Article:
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Beginnings: Pregnancy, Birth & Beyond

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Relaxation techniques

Stress can cause you to feel tired, anxious and achy. It can also create eating problems. If you can deal well with stress, you can improve your physical and emotional health. Effective relaxation techniques can reduce stress.

practice relaxation techniques will sitting in a chair

However, if you're under so much stress it is affecting your health, relationships, or sense of well-being, talk with your health care provider.

You can start practicing relaxation as part of your preparation for parenthood. Relaxation techniques can help you during pregnancy and labor as well as after your baby is born. During labor they will help you save energy and work with your body rather than fight the contractions.

Begin by thinking about what you do now to help yourself relax. Do you listen to music? Curl up in a favorite chair? Use a technique from yoga or sports? You will be able tobuild on your relaxation method and use it in labor and after your baby is born.

Approaches to relaxation

There are two main ways to relax. When you relax from the inside out, you focus on calming your mind and emotions. This leads to a sense of well-being that causes your muscles to relax. When you relax from the outside in, you consciously relax your muscles. Releasing the tension from your muscles makes you feel relaxed and comfortable.

Most people use a combination of techniques. Try some of the suggestions below until you have a technique you like.

Relaxing from the inside out

You can use imagery, meditation, chanting or prayer to get yourself to a state of relaxation. Some people find it helpful to add soft music, a pleasant scent, or a favorite picture. You can also focus on keeping your breathing slow and easy.

  • Imagery
  • If imagery is a new technique for you, try this:

    • Sit comfortably in a chair and close your eyes.
    • Imagine your favorite place.
    • Pay attention to the sounds, colors, scents, and textures.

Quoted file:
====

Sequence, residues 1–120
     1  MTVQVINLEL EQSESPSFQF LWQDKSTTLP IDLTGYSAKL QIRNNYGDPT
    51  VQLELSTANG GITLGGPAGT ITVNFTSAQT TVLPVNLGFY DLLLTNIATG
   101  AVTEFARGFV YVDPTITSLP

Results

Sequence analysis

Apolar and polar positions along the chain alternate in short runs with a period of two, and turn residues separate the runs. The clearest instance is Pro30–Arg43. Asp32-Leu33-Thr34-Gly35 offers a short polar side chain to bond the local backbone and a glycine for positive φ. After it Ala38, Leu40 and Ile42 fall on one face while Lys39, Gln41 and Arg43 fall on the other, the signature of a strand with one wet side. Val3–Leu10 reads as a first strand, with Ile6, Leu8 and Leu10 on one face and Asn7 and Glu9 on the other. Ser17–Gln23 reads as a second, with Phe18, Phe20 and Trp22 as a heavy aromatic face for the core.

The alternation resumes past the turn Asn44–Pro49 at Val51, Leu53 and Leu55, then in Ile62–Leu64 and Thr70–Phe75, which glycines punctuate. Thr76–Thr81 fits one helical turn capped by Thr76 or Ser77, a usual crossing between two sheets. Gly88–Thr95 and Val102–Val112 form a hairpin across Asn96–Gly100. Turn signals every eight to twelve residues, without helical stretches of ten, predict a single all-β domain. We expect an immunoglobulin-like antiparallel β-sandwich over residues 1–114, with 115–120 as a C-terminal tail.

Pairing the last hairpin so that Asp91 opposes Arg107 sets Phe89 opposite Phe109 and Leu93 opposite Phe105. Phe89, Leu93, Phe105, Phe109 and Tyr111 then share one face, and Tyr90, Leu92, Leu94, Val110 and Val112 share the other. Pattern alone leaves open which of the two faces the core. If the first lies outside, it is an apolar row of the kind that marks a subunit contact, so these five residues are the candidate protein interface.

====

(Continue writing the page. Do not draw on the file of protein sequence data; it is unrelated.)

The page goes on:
• Linger in this place for a few minutes and enjoy your sense of peace and comfort.

    Next time, add music or whatever would help you get back to this special place.

  • Breathing
  • An alternative is to use your breathing as a relaxation technique:

    • Get comfortable. You can either sit or lie on your side.
    • Start paying attention to your breathing.
    • Focus on keeping your breathing slow and easy.
    • Let your breathing settle to a depth and rate that is smooth and comfortable.

    Enjoy the feeling of peace that comes from this kind of breathing.

Relaxing from the outside in

If you need a more active way to relax, you can use a muscle-based approach. Or, you can combine it with another technique. For example, you could slow breathe for a minute and then focus on relaxing the muscles that have not yet released their tension.

  • Tense and release
  • This is the easiest of the techniques:

    • Get into a comfortable position. You can either sit up or semi-recline, like being in a lounge-chair.
    • Use as many pillows as you need to support your joints and have your legs and arms comfortably flexed. Don't let one part of your body rest directly on another.
    • Take in a deep breath and slowly let it out.
    • Focus on the muscles in your forehead. Make them contract as if you were frowning. Release them.
    • Squeeze your eyes tightly shut. Release those muscles. You can either gently close your eyes or keep them open.
    • Clench your jaw. Release.
    • Draw your shoulders up toward your ears. Release.
    • Make fists and straighten your elbows. Release.
    • Take in a big breath so that you expand your chest. Release it.
    • Tighten your stomach muscles. Release.
    • Squeeze your buttocks together. Release.
    • Tighten your thighs and lock your knees. Release.
    • Point your heels until you feel the stretch in your calves. Release.
    • Curl your toes. Release.
    • Tighten all of your muscles at the same time. Release them.
    • Breathe slowly and deeply.
    • Remain in this relaxed state for a few minutes. Notice how your body feels.

    When it's time to get up, rise slowly so that you don't get lightheaded.

  • Assess and release
  • After you have used the tense and release method for a while, see if you can get relaxed without first tensing each muscle group.

    • Use pillows to get into a comfortable position.
    • Take in a comfortable breath.
    • As you let this breath out, release as many muscles as you can.
    • Continue to breathe slowly and comfortably. Starting at your head, assess each muscle group. Try to relax tense muscles as you exhale.
    • If the muscle group doesn't relax, use the tense and release method.

    Work toward being able to relax your body with one or two slow breaths.

  • Imagery and release
  • You can also blend imagery with muscle relaxation. While comfortably sitting or semi-reclining, imagine a peaceful scene. Then imagine the sun's rays gently warming your different muscle groups. This imagined warmth releases all the tension. Or, use the image of something cooling, like a stream of water.

Using your techniques

The Relaxation Worksheet can help you identify what techniques work best for you. That will help you create a relaxation routine. Do this routine for about five minutes each day. Use it to help you fall asleep at night or to give yourself a short break during the day.

As preparation for labor, practice your relaxation techniques in the positions you might use for labor and birth.


 

Source: Allina Health's Patient Education Department, Beginnings: Pregnancy, Birth and Beyond, sixth edition, preg-ahc-90026, ISBN 1-931876-25-8

First published: 10/04/2002
Last updated: 08/22/2011

Reviewed by: Allina Health's Patient Education Department experts